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  14. The only forum which did not degrade into a pile of goo was The Forge, and that was because Ron put up hard rules and kept to them. I think his way is the only way to make it work. Every time I see news like this it reinforce that opinion.

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  15. Joe is free to say what he wants, others are free to react to it how they choose. That ENworld choose to ban him is their choice, especially if they think his presence on their site is going to be detrimental. Their house, their decision. Not a place I'd visit anyhow. That Joe thinks 4e and D & D next are steaming piles of RPG crap is his choice. I do worry that "Free Speech" becomes some sort of sacred totem we run to when other disagree with our opinions or react negatively to our held opinions.

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  16. Really was not even aware people still read EnWorld.

    But then again some people still like to buy Juggs from the Korean store.

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  17. I agree there is no "freedom of speech" issue involved. Private forum, no freedoms.

    From my reading of the FAQ / TOS at ENWorld, there is nothing there that states offsite actions can lead to onsite banning.

    From what I've said about ENWorld and it's relevancy on this blog in the past, I should have been banned a long time ago - I just curse less than Joe. Well, and maybe my footprint is a bit too big to do so without making some minor internet waves.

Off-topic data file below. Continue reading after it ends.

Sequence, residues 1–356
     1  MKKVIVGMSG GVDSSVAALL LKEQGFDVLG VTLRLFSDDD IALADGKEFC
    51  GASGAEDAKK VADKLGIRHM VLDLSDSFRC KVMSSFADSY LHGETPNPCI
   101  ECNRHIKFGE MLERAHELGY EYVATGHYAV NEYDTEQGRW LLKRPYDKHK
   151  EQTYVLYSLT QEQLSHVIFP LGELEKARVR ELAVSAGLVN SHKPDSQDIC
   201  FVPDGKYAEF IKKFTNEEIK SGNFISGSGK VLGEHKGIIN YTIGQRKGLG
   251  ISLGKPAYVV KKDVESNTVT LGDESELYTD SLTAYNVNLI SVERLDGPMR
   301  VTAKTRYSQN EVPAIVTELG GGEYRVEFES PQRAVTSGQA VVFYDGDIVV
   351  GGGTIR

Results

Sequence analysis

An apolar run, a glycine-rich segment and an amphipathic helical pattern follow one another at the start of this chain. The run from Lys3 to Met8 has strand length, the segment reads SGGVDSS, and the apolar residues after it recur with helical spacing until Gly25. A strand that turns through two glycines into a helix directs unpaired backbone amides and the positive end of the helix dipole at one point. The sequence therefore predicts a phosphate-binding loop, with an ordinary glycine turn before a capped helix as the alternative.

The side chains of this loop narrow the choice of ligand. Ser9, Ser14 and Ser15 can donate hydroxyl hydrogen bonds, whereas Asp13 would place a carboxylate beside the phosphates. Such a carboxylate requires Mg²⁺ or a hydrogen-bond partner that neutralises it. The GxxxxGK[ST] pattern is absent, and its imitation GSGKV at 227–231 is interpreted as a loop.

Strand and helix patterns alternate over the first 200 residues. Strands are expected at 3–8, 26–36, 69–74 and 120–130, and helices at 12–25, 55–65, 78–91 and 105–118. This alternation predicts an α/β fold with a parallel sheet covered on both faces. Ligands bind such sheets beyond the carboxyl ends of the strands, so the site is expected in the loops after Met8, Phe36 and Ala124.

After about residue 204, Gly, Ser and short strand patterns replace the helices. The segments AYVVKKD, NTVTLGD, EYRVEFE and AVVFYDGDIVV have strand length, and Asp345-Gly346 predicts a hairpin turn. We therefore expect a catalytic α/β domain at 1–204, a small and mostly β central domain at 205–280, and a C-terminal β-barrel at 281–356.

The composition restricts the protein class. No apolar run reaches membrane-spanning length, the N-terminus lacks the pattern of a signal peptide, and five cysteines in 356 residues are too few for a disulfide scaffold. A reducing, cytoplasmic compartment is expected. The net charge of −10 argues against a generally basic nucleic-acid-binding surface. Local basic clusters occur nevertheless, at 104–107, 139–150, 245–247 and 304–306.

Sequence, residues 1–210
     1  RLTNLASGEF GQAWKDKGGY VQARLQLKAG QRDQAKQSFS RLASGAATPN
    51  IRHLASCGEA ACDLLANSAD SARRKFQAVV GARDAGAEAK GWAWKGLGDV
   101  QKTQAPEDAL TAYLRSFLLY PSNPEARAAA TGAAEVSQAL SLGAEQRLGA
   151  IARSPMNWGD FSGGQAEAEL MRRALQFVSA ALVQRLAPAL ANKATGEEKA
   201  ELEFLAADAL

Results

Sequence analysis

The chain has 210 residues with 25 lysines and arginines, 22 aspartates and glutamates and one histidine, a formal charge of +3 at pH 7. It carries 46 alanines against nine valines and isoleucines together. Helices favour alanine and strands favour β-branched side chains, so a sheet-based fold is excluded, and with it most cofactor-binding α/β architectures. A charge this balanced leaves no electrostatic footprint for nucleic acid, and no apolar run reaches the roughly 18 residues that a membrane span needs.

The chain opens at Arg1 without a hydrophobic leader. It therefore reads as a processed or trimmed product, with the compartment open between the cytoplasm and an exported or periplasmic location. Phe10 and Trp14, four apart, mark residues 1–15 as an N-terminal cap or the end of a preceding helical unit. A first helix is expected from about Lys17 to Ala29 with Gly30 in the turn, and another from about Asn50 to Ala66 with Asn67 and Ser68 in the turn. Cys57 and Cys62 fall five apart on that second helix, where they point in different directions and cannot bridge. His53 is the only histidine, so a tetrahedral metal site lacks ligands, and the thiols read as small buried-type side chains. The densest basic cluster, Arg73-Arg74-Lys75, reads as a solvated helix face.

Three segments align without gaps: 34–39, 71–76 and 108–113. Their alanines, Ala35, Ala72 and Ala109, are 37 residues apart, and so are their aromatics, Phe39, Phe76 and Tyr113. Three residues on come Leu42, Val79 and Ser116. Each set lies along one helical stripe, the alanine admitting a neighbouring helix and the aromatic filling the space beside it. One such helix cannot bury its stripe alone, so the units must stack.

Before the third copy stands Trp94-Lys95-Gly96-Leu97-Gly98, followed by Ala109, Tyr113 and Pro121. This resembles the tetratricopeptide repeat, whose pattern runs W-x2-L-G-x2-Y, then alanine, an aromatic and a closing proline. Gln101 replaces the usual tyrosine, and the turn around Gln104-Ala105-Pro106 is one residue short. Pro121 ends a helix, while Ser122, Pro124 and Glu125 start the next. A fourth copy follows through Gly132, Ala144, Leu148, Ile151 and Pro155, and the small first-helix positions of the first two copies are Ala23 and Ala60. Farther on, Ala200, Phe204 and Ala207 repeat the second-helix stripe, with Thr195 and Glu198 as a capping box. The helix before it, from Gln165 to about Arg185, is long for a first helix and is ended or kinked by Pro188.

Maybe I should check to see if i've been banned...

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    1. It's tricky because, as soon as they put up rules and charged for a service, those rules became a contract. Those going to the site became clients and content providers. That the management doesn't consistently apply those rules implies that they do not believe themselves bound by their end of the contract.

      So, while freedom of speech may not be involved (but it may, if the contract is being unilaterally broken on the basis of speech off-site, which EN World has no mandate to respond to), there are legal issues involved.

      The ethical issues, of course, are a bit more obvious.

      I am 100% for "Your house, your rules", but if you start charging people to stay at your house, it is no longer your house, but you bed & breakfast or your hotel, and the legal and ethical obligations change.

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    2. I might agree if Enworld charged for access to their website. They don't. You can subscribe (I just went and checked, haven't been there for years) and get some 4e and Pathfinder stuff and some extra features, but there is no charge at all to use the site that I can see.

      Now, if Joe was a subscriber to Enworld, there might be an argument there that I could see.

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    3. Let's say that Bob is a lifetime subscriber, and Bob likes Joe's posts. Bob has a reasonable expectation that access to Joe's posts, now and in the future, will be governed according to the Rules. Because, and I may just be spit-balling here, I imagine that most people don't subscribe to a Forum to post their own material, but to gain access to the posts of others.

      From the flip side, Joe (or anyone posting) is providing content that the site then sells to its subscribers. Having been active on EN World during numerous pledge drives and in the period when Morrus decided to make it his business, the "Look at what we provide for you" was always based primarily on the Forum posts, and that was always what people were encouraged to support with their money.